A WALK IN THE WOODS
Directed by Ken Kwapis.
Starring Robert Redford, Nick Nolte, Kristen Schaal, Emma Thompson.
A pleasant, inoffensive diversion.
Based on Bill Bryson’s memoir of his attempt to walk the Appalachian Trail, Robert Redford plays the curmudgeonly travel writer at a stage when life has stopped giving and started taking away. A combination of a lack of inspiration and a creeping realisation of his own mortality compels the author to embark on the 2000-plus mile trek from Georgia to Maine. His wife, Catherine (Emma Thompson), is understandably concerned (“Can’t you just do this in the Volvo?”) and insists that he brings some company on his quixotic quest. The only candidate stupid enough to sign up is recovering alcoholic Stephen Katz (Nick Nolte). This wheezing, overweight force of nature approaches doors, chairs and other sophisticated trappings of civilisation with a clumsy confusion, but Katz proves to be no more at home in the great outdoors. Hopelessly unprepared, the pair set off on their ill-fated adventure.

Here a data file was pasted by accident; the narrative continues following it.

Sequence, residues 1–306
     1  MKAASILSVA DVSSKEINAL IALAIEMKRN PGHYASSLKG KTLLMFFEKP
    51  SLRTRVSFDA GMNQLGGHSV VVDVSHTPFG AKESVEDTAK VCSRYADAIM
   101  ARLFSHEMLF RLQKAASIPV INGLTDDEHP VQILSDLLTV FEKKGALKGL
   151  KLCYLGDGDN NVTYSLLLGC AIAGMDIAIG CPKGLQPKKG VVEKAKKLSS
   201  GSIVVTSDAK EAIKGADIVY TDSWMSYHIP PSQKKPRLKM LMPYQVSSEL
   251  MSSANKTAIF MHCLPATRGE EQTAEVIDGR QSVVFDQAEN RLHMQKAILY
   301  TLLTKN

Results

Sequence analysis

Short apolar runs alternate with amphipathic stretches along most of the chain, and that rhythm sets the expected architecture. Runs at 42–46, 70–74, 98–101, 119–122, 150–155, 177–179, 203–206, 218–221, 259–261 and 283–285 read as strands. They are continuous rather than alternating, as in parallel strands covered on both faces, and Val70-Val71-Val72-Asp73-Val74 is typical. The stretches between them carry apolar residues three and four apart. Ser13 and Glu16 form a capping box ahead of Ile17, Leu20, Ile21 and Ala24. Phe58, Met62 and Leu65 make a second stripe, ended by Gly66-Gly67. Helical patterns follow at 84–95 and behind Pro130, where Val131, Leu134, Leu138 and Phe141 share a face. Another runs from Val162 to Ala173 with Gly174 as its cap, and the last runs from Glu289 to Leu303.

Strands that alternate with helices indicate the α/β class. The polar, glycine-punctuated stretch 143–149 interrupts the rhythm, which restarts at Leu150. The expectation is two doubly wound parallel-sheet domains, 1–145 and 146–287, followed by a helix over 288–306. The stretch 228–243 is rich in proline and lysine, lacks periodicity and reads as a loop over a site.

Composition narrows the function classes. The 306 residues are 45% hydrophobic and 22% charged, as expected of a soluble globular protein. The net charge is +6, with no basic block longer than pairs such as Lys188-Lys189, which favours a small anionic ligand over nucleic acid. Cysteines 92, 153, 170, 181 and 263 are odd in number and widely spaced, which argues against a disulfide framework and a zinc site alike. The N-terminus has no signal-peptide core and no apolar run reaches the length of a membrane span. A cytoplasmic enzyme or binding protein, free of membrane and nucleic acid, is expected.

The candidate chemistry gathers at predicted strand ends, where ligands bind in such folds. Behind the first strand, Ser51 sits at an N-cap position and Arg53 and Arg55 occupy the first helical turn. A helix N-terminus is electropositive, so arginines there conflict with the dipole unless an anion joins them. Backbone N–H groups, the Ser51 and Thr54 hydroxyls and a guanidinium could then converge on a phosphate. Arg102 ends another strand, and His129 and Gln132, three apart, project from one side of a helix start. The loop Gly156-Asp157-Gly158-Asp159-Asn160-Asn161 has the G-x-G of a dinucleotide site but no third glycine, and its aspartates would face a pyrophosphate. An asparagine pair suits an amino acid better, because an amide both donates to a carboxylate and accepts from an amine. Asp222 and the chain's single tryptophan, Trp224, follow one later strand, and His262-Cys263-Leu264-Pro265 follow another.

A Walk in the Woods is too whimsical and slight to provoke any extreme reactions, but it is impossible to dislike. Redford has nothing to prove and delivers a subtle, understated performance. Nolte barrels through the movie looking like a man capable of breaking nature itself. We can never be quite sure how much of his crazy grizzly bear schtick is an act. The gentle comedy (mostly at the expense of self-righteous hiking types) never tries too hard. Bryson and Katz’s burgeoning friendship and begrudging camaraderie develops in a manner refreshingly free from sentiment. A Walk in the Woods is a pleasant, inoffensive diversion.